BY JOHN CHARLES WILSON
While transit users in the Twin Cities rejoice at improvements such as the new C Line “over North,” many are still annoyed by the thinning out of “plain old bus service,” which has gradually occurred over the past few decades. While the Southside Pride readership area has been spared much of this, what happens in Saint Paul and the suburbs should concern us too, as it impairs our ability to travel. Additionally, it should be remembered that in the 1970s and 1980s, being an MTC bus driver was considered a prestige job. Nowadays, Metro Transit has such a hard time filling positions they had to institute an emergency 1% service cut last year. What happened?
It all comes down to the “F” word. No, not the one you yell out when you realize you’re waiting for the bus at the wrong time because you looked at the weekday schedule and it’s Sunday. The other, more important “F” word: funding. In its heyday, the MTC was well funded by the State Legislature and had the power to levy a dedicated property tax for transit.
Minnesota was a more progressive state back then, but more importantly, even the conservatives in the Republican Party understood the value of a functional transit system to the Twin Cities. The MTC tried to fulfill its mandate, but some of the far-out suburbs just didn’t yet have enough people to support a good bus service, yet they had to pay just as high a tax as the inner cities. So, you had places like Shakopee, where there was maybe a bus or two for rush hour commuters to downtown Minneapolis, but the total they paid in property tax was more than the value of service received.
This led to some suburbs seceding from the MTC service area, forming Plymouth Metrolink, Maple Grove Transit, Southwest Transit, and the MVTA. These separate systems, though leaving much to be desired, have largely been improvements over what existed before. (Plymouth is a disappointing exception—the old Medicine Lake Bus Company was actually better, but I digress.)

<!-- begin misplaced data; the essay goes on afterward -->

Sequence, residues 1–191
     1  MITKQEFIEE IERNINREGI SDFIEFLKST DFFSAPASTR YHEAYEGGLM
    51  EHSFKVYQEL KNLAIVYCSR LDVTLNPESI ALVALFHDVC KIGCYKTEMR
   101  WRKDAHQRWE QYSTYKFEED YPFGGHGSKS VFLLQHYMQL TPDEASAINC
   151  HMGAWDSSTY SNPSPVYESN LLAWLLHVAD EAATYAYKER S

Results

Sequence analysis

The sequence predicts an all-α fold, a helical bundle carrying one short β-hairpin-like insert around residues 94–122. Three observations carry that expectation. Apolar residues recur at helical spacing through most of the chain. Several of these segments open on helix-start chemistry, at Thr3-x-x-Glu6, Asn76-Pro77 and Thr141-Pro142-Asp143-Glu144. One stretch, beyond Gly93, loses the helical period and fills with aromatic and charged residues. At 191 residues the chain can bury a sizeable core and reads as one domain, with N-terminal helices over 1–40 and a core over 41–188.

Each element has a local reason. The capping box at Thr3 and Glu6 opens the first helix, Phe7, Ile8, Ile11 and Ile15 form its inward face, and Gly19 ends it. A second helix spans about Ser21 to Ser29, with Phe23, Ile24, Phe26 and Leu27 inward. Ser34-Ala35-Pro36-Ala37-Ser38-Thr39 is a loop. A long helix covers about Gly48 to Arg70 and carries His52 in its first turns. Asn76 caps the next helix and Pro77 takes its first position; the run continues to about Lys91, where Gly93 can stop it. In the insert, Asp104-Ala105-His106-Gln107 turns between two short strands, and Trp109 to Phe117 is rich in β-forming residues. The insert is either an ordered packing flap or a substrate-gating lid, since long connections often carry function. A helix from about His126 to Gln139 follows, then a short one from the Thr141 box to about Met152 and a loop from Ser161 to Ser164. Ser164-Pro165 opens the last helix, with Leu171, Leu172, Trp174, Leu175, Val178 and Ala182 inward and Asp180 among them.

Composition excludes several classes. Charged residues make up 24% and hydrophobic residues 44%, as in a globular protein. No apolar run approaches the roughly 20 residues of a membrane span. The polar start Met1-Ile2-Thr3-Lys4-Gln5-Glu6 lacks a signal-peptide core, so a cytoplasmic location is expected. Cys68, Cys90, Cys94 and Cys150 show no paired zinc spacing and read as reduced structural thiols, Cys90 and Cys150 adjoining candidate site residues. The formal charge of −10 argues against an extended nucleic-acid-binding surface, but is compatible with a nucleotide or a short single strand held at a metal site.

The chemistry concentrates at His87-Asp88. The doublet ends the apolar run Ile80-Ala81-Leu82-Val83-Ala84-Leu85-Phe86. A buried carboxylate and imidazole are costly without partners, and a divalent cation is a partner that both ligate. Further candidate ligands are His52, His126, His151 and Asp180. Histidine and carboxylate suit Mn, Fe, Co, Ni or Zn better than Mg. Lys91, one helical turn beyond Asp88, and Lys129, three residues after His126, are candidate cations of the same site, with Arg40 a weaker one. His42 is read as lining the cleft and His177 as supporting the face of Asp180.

Since then, the MTC and its successors, MCTO and Metro Transit, have been in a downhill decline and have fallen into severe disfavor with outer-suburban and rural Republican members of the legislature.
There are two main reasons for this antipathy: first, the allegedly high levels of crime and dysfunction in the Twin Cities; and second, that Metro Transit is “too” Minneapolis-centric.
I know this because I know someone who personally lobbies at the Capitol on a different issue and knows the legislators personally.
Unfortunately, the less funding it gets, the more any transit system has to focus on its most loyal patrons, who, in the case of Metro Transit, happen to be people in or going to Minneapolis. The way to get back the lost levels of service in Saint Paul and the suburbs that didn’t secede is to increase the funding, with an earmark if need be.
The Met Council, which oversees Metro Transit, may need to consider running some demonstration routes to show these legislators what it can do if given a chance. For example, there is currently an express service from various places to the U of M. Perhaps a similar service needs to exist from neighborhoods with concentrated pockets of state employees to the Capitol complex. Additionally, there could be off-peak services aimed at the recreational activities crowd—for example, a bus service direct from the western suburbs to Uptown with no transfer in “dangerous” downtown Minneapolis required—or excursions to high-tourism areas like Stillwater and Excelsior. (Point of history: 100 years ago, Excelsior was a major streetcar destination because of the amusement park and other tourist activities. If it worked then, why can’t it work now?)
My contact who gave me this information suggests that additional funding should be provided by a 10-cent tax on plastic drink bottles. The local transit system should get 5 cents and the public schools should get 5 cents. In areas of the state with no transit, the schools would get all 10 cents.
I’ll raise my Diet Mountain Dew to that!